The Oldsmar Rocks craze, where kids and parents paint, hide and find colorful rocks hidden around town, is part of a nationwide movement that began as a way for an Oregon mother to honor the memory of her deceased daughters. Credit: Facebook/OldsmarRocks.
By now, you’ve probably heard about the “MY CITY Rocks” movement, a fun, family-friendly endeavor that has people painting, hiding and finding colorful rocks at parks and other public places in their community.
If you’re not familiar with it, don’t feel bad—the craze, which began as an Oregon mother’s tribute to her deceased young daughters in 2014, has slowly been sweeping the nation, and it was only recently introduced in the Tampa Bay area.
Credit: Facebook/ Oldsmar Rocks.
But the fad, which has the feel of a grassroots version of Pokémon GO!, is quickly gaining speed; for example, the Lakeland Rocks group currently has more than 28,000 members.
Ever since she was made an administrator of the Oldsmar Rocks Facebook page three weeks ago, resident Gina Rodgers has seen the social media site balloon from 26 members to nearly 200, with more people joining in the fun every day.
“It’s growing so fast, ” Rodgers, an executive assistant at a St. Petersburg contracting company who is active in the community, said.
“Every day I get 2-3 new requests. It’s really catching on.”
Gina Rodgers and her husband, Jason Price, at the Oldsmar Centennial Dinner in October 2016.
Rodgers first learned about Oldsmar Rocks while surfing the web, where she found the Facebook page that had been started by Michelle Hy, a New Port Richey resident who works in Oldsmar and also administers the NPR Rocks page.
As soon as Rodgers learned what it was all about, she knew she had to get involved.
“I messaged Michelle on February 20 and said I know people in Oldsmar who would love this, and I offered my help,” she said.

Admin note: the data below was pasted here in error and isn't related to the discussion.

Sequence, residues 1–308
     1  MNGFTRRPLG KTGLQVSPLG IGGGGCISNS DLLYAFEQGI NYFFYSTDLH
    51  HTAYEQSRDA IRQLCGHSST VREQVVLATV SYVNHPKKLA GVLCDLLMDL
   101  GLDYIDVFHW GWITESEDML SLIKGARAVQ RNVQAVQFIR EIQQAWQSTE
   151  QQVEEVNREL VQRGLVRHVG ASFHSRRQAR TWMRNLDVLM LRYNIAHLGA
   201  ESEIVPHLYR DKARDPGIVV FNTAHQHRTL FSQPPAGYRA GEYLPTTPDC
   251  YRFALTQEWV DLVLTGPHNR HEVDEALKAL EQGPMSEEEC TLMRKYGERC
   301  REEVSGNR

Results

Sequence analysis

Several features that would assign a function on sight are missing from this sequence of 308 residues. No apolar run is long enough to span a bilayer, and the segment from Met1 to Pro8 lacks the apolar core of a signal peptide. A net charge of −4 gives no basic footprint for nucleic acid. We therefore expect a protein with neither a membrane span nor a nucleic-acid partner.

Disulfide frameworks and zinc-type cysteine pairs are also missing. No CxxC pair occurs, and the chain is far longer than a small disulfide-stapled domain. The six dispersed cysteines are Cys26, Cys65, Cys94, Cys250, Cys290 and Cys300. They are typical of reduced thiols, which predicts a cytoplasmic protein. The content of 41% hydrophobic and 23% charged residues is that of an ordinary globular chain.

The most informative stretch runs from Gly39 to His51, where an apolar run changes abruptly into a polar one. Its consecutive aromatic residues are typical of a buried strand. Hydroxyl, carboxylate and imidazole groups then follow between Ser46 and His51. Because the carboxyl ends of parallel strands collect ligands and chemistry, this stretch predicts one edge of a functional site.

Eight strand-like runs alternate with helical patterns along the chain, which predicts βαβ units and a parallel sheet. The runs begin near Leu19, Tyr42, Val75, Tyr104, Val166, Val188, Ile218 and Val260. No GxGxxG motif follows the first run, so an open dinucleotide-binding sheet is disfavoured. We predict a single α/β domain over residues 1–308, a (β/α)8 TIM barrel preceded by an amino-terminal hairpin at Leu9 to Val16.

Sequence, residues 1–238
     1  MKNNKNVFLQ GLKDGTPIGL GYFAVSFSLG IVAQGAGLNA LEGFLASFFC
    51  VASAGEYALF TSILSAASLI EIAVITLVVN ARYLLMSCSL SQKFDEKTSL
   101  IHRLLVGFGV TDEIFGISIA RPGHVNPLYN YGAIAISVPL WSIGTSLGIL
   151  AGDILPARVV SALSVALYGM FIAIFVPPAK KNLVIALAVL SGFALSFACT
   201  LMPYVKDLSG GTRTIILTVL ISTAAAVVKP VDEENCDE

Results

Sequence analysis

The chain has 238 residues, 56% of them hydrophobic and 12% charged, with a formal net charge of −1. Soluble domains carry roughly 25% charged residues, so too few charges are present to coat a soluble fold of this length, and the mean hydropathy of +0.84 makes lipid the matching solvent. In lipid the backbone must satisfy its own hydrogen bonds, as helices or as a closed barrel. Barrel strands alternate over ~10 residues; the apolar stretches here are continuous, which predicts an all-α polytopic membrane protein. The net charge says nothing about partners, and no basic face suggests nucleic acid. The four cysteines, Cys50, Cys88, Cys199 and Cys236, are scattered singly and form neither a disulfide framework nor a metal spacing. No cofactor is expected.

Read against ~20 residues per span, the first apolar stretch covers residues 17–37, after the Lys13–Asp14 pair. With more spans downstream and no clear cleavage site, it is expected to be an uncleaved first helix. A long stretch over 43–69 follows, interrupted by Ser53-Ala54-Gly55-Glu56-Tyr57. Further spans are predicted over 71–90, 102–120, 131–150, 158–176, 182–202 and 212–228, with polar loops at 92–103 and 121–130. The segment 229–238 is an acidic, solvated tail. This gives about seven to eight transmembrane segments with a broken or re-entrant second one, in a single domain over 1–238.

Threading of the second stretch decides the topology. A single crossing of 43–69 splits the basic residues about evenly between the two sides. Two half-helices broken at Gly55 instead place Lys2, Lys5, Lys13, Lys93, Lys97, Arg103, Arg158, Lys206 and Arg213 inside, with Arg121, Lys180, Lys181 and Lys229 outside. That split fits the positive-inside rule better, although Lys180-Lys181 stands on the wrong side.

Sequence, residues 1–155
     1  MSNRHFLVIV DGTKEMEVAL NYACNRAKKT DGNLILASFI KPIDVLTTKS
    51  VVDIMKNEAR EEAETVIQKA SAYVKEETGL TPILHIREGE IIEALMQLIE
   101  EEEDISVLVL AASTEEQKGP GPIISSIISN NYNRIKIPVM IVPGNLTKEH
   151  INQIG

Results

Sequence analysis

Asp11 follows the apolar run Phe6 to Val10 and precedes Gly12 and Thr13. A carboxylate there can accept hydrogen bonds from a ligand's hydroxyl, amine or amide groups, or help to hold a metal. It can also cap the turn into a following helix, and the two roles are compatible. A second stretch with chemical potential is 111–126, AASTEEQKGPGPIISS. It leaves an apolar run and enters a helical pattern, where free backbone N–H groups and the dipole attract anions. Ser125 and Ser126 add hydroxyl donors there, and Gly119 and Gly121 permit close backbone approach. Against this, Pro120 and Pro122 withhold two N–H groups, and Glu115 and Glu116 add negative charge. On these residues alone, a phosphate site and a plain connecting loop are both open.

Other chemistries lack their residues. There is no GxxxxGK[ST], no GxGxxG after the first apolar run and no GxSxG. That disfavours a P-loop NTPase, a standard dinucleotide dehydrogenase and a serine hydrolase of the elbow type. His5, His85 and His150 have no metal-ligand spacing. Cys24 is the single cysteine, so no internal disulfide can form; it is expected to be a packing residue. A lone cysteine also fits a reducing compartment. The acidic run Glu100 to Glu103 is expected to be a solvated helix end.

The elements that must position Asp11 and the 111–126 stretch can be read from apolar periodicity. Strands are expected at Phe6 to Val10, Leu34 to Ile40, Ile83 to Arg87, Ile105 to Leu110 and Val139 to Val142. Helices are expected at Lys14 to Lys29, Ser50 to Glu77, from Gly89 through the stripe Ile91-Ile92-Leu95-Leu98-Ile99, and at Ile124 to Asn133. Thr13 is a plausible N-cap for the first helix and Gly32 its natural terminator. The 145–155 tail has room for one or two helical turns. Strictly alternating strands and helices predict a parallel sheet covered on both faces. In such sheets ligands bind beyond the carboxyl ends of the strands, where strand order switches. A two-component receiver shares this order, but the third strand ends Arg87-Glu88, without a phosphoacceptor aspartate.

“She was very open to help and added me as an administrator right away, and I’ve been trying to grow it ever since.”
Hy, who said she spends 90 percent of her time in Oldsmar, said she believes the painted rocks movement is taking off due to its simplicity and overall theme of positivity.
“It’s a positive thing,” she said by phone earlier this week. “There’s no negativity in it, and that in itself is amazing.”
Hy said the family element and the outdoors aspect combine to make the activity so enjoyable for so many.
Credit: Facebook/Oldsmar Rocks.
“I find it’s bringing families back together,” she said. “People are painting, hiding and finding these rocks with their families. “Plus it’s getting them outside and exploring their communities. People are finding parks they never knew existed in their town.”
“I think it’s a great movement that’s sweeping the nation. It’s all about spreading love and joy one rock at a time.”
Rodgers said she has no idea how big it will get, but she has no plans to stop promoting the Oldsmar Rocks craze.
“I plan on staying with it no matter how big it gets,” she said, noting she would love to see Oldsmar’s group match Lakeland’s in popularity.
“I enjoy it so much, and it seems like everybody loves it. They love the positivity and the fact that it brings positive vibes to the community.”
“It’s kind of hippie-ish,” she added, stating it reminds her of the Pet Rocks fad from the 1970s.
“It’s like a giant public art project for people of all ages and skill sets.”
To learn more about the Oldsmar Rocks movement, visit the group’s Facebook page.